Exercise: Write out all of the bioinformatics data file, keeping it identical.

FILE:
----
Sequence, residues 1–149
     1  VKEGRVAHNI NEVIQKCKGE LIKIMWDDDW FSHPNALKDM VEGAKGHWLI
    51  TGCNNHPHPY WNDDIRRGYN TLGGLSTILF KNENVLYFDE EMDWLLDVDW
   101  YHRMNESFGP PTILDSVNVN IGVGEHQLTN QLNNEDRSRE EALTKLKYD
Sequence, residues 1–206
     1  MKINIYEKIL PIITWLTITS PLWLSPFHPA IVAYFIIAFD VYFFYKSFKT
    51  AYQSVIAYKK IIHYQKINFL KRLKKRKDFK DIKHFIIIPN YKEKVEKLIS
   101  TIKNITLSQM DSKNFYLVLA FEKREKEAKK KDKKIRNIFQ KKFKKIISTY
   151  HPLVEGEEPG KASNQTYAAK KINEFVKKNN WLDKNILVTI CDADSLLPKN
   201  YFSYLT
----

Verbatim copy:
Sequence, residues 1–149
     1  VKEGRVAHNI NEVIQKCKGE LIKIMWDDDW FSHPNALKDM VEGAKGHWLI
    51  TGCNNHPHPY WNDDIRRGYN TLGGLSTILF KNENVLYFDE EMDWLLDVDW
   101  YHRMNESFGP PTILDSVNVN IGVGEHQLTN QLNNEDRSRE EALTKLKYD
Sequence, residues 1–206
     1  MKINIYEKIL PIITWLTITS PLWLSPFHPA IVAYFIIAFD VYFFYKSFKT
    51  AYQSVIAYKK IIHYQKINFL KRLKKRKDFK DIKHFIIIPN YKEKVEKLIS
   101  TIKNITLSQM DSKNFYLVLA FEKREKEAKK KDKKIRNIFQ KKFKKIISTY
   151  HPLVEGEEPG KASNQTYAAK KINEFVKKNN WLDKNILVTI CDADSLLPKN
   201  YFSYLT